Hart v. State Farm Mutual Automobile Insurance Company
ORDER granting 6 deft's Motion to Dismiss. Signed by Judge Brian S. Miller on 8/10/09. (bkp)
IN THE UNITED STATES DISTRICT COURT FOR THE EASTERN DISTRICT OF ARKANSAS WESTERN DIVISION PAM HART v. Case No. 4:09cv0374 BSM PLAINTIFF
STATE FARM MUTUAL AUTOMOBILE INSURANCE COMPANY ORDER
This case was transferred to this court on June 26, 2009. At the time of transfer, the defendant had an outstanding motion to dismiss pending. For the reasons stated below, the defendant's motion dismiss [Doc. No. 6] is granted. I. BACKGROUND Plaintiff has an automobile insurance policy with defendant. On or about November 28, 2007, plaintiff was involved in an automobile accident with Tamera Langely, who is also insured under a policy with the defendant. Ms. Langley's policy has a liability limit of $25,000. The defendant tendered $25,000 to the plaintiff on January 31, 2008. Plaintiff alleges that, as a result of the accident with Ms. Langley, she incurred medical expenses in excess of this amount. She has made a demand on the defendant for payment of its underinsured motorist coverage in the amount of $100,000. Defendant has refused her demand. In a letter dated August 25, 2008, the defendant states that based on the information it had received, it believed the plaintiff had been adequately compensated and that a payment
under the uninsured/underinsured motorist policy was not "due at this time." On May 18, 2009, plaintiff filed suit against the defendant alleging that, by refusing her demand, the defendant has engaged in bad faith. The defendant has filed motion to dismiss plaintiff's bad faith claim, found in paragraphs 11-13 of plaintiff's complaint, for failure to state a claim. II. STANDARD To survive a motion to dismiss, a complaint must contain sufficient factual matter, accepted as true, to state a claim to relief that is plausible on its face. Ashcroft v. Iqbal, 129 S. Ct. 1937, *1950 (2009); B&B Hardware, Inc. v. Hargis Indus., Inc., 569 F.3d 383, *387 (8th Cir. 2009). A claim has facial plausibility when the plaintiff pleads factual content that allows the court to draw the reasonable inference that the defendant is liable for the misconduct. Ashcroft, 129 S. Ct. at *1950. Where the allegations show on the face of the complaint there is some insuperable bar to relief, dismissal under Rule 12(b)(6) of the Federal Rules of Civil Procedure is appropriate. Benton v. Merrill Lynch & Co., Inc., 524 F.3d 866, *870 (8th Cir. 2008). III. DISCUSSION The standard for establishing a claim for bad faith in Arkansas is rigorous and difficult to satisfy. Unum Life Ins. Co. of Am. v. Edwards, 362 Ark. 624, *627, 210 S.W.3d 84, *87 (2005). An insurance company commits the tort of bad faith when it affirmatively engages in dishonest, malicious, or oppressive conduct in order to avoid a just obligation to its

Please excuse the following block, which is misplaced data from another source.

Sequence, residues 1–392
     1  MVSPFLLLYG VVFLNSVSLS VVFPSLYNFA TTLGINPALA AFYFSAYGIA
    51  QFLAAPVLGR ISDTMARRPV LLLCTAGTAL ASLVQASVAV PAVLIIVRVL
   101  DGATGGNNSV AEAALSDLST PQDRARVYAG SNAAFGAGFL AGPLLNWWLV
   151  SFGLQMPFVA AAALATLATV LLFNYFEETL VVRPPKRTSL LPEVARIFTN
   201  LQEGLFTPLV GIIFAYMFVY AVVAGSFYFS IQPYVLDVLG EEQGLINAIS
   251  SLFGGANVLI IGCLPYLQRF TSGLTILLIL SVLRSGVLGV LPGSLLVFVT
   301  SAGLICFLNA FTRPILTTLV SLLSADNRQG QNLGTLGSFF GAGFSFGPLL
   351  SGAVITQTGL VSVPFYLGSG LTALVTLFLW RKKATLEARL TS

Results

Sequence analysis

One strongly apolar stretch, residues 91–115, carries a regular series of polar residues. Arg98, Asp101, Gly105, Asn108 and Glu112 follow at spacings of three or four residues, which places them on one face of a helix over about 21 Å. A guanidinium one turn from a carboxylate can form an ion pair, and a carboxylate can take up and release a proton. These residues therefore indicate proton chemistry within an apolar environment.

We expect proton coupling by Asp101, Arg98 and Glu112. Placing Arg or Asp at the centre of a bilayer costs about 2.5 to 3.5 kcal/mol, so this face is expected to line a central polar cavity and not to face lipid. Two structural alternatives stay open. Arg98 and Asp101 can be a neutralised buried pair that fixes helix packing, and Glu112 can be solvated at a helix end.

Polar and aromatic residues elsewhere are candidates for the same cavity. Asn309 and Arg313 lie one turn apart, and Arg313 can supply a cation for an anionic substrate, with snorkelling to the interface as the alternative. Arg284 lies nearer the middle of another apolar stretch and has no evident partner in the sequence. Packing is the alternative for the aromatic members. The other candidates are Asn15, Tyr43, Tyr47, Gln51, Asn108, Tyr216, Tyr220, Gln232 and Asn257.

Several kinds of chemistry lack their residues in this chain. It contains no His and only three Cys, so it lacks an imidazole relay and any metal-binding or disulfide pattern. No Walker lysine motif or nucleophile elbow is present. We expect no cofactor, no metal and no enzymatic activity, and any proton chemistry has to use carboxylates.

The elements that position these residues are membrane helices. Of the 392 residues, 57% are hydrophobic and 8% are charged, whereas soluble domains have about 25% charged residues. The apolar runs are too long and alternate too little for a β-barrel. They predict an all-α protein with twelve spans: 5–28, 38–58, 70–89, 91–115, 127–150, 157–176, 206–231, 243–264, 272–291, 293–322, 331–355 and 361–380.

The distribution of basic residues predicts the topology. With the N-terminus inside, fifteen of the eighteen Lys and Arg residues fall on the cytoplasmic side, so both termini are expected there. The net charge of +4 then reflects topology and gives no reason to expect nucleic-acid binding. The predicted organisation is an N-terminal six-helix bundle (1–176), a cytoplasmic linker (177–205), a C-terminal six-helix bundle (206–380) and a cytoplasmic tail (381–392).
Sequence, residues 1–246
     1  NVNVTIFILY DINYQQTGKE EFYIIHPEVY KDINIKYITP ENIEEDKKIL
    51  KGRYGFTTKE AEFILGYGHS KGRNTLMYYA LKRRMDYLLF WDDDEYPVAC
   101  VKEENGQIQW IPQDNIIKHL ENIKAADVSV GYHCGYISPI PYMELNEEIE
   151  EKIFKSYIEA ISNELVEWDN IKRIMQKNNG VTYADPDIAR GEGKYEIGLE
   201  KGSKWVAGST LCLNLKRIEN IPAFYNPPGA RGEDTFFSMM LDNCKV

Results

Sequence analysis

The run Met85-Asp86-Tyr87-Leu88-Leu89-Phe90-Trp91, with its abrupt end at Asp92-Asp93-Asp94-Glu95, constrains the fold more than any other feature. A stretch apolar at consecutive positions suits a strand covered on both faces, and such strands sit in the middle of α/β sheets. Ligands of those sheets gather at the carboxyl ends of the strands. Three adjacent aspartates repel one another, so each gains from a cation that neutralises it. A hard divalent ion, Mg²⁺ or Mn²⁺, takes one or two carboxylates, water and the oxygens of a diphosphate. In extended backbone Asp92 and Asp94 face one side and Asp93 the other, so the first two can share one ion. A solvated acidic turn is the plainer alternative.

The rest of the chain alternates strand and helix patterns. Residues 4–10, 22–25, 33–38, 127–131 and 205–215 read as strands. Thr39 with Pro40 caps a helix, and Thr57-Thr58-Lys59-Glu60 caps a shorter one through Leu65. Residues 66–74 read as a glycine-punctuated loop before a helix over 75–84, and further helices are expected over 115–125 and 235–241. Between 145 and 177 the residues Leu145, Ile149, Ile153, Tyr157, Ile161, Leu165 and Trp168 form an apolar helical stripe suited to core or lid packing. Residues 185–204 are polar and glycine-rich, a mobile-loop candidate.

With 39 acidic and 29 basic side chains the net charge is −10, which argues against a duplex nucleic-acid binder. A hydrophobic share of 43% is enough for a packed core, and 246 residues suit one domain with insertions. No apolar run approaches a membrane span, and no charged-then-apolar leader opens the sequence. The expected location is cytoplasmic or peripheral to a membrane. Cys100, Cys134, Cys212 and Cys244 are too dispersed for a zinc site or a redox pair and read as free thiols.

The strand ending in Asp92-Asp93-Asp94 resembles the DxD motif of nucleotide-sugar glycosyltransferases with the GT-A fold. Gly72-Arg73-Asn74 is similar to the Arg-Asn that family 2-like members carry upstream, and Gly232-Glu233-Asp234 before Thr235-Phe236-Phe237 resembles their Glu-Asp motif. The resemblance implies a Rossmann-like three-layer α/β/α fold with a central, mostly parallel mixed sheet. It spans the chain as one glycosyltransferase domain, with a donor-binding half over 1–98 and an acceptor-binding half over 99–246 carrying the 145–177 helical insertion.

insured. Switzer v. Shelter Mut. Ins. Co., 362 Ark. 419, *433, 208 S.W.3d 792, *801 (2005); Columbia Nat'l Ins. Co. v. Freeman, 347 Ark. 423, *429, 64 S.W.3d 720, *723 (2002); State Auto Property & Cas. Ins. Co. v. Swaim, 338 Ark. 49, *56, 991 S.W.2d 555, *559 (1999). Bad faith is defined as dishonest, malicious, or oppressive conduct carried out with a state of mind characterized by hatred, ill will, or a spirit of revenge. Switzer, 362 Ark. at *433, 208 S.W.3d at 801; Freeman, 347 Ark. at *429, 64 S.W.3d at *723; Swaim, 338 Ark. at *56, 991 S.W.2d at *559. Mere negligence or bad judgment is insufficient so long as the insurer is acting in good faith. Switzer, 362 Ark. at *433, 208 S.W.3d at 801; Freeman, 347 Ark. at *429, 64 S.W.3d at *723; Swaim, 338 Ark. at *56, 991 S.W.2d at *559. The tort of bad faith does not arise from the mere denial of a claim; rather, there must be affirmative misconduct on the part of the insurer. Switzer, 362 Ark. at *433, 208 S.W.3d at 801; Freeman, 347 Ark. at *429, 64 S.W.3d at *723; Swaim, 338 Ark. at *56, 991 S.W.2d at *559. In her complaint, plaintiff states that the defendant is guilty of bad faith because it refuses "to pay any portion of the underinsured coverage" and "refuses to pay the plaintiff's medical bills with no good faith defense." She goes on to state that the defendant's conduct is malicious, dishonest, and oppressive. Plaintiff fails to include sufficient factual matters in her complaint to support a claim of bad faith. Absent is any evidence suggesting that the defendant engaged in misconduct. The defendant's motion to dismiss the plaintiff's bad faith claim is hereby granted. IT IS SO ORDERED this 10th day of August, 2009.
UNITED STATES DISTRICT JUDGE
Disclaimer: Justia Dockets & Filings provides public litigation records from the federal appellate and district courts. These filings and docket sheets should not be considered findings of fact or liability, nor do they necessarily reflect the view of Justia.
Why Is My Information Online?